We need more directors willing to take risks with films like Get Out.
"The Descendants" has a happy ending. Therefore, technically, it's a comedy. It takes place in the paradise of Hawaii. It stars George Clooney. That may lead you to expect a pleasant good time, but this film is so much more than that. Clooney gives one of his best performances in this film directed and co-written by Alexander Payne, who in "Sideways" (2004) and "About Schmidt" (2002), showed a special affinity for men learning to accept their better feelings.
The state of Hawaii is a co-star. I've been there many times, which only qualifies me as a tourist, but at more than 20 Hawaii Film Festivals, I met so many people and went to so many places that I began to understand how its people feel a love and protectiveness for the land, and how seriously they take its traditions. Much of the story here is about how Matt King (Clooney), a descendant of one of Hawaii's first white land-owning families, must decide whether to open up a vast tract of virgin forest on Kauai to tourist and condo development. At the same time, he faces a personal crisis.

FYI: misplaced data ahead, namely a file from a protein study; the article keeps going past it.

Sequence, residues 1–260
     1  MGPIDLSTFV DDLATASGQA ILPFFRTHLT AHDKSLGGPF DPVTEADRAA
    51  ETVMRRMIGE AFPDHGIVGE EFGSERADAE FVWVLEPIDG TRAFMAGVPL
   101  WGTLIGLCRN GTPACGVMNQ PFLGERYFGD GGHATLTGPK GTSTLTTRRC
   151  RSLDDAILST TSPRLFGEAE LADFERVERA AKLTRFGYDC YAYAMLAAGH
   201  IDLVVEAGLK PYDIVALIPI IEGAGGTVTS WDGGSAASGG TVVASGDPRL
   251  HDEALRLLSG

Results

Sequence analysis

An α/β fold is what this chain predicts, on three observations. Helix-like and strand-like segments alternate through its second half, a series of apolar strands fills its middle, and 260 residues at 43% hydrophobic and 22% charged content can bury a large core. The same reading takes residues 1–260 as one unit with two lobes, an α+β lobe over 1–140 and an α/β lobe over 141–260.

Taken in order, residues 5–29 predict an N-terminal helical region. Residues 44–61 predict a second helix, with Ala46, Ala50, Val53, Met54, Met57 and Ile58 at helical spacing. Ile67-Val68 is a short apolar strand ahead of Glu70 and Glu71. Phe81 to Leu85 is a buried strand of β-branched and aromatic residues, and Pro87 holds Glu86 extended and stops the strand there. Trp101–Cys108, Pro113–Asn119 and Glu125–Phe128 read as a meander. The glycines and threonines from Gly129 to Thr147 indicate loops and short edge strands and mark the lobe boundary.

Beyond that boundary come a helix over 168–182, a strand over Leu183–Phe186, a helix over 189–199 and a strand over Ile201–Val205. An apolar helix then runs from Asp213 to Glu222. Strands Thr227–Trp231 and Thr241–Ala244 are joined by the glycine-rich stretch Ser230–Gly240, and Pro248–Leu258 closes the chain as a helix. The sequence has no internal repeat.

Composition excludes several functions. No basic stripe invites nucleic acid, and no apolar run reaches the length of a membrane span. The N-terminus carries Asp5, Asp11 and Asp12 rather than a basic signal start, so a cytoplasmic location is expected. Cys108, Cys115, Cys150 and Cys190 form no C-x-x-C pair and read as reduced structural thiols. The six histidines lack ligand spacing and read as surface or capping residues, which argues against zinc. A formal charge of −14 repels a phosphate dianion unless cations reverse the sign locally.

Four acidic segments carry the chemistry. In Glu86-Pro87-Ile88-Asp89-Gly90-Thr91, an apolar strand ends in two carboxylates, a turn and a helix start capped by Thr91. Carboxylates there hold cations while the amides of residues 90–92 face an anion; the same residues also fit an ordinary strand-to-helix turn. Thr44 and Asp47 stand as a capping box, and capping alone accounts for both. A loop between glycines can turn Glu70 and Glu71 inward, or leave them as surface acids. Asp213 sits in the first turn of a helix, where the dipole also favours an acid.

The film opens with his thrill-loving wife Elizabeth (Patricia Hastie) in a boating accident off Waikiki Beach. Matt has been involved in land management; he holds the controlling share of his extended family's estate. Elizabeth has run their own family, raising their daughters: the teenager Alexandra (Shailene Woodley) and the younger Scottie (Amara Miller). Now Elizabeth is in a coma, and her living will instructs Matt to remove life support. Alexandra returns home from boarding school, and Matt becomes a single parent while also dealing with the King family's urgent desire to close the multi-million-dollar land deal.
This is big business, emotional and financial. Just because the lawyers wear short-sleeved Reyn Spooner shirts doesn't make them pushovers. Matt's life is further complicated when he discovers from an unexpected source that his wife had been having an affair. And his daughters don't want him to sell the land, where they must often have wandered as children. Leading the push for the King family is Cousin Hugh (Beau Bridges). Hugh, who is as affable as Bridges can be, doesn't want to listen to any woo-hoo nonsense about not selling.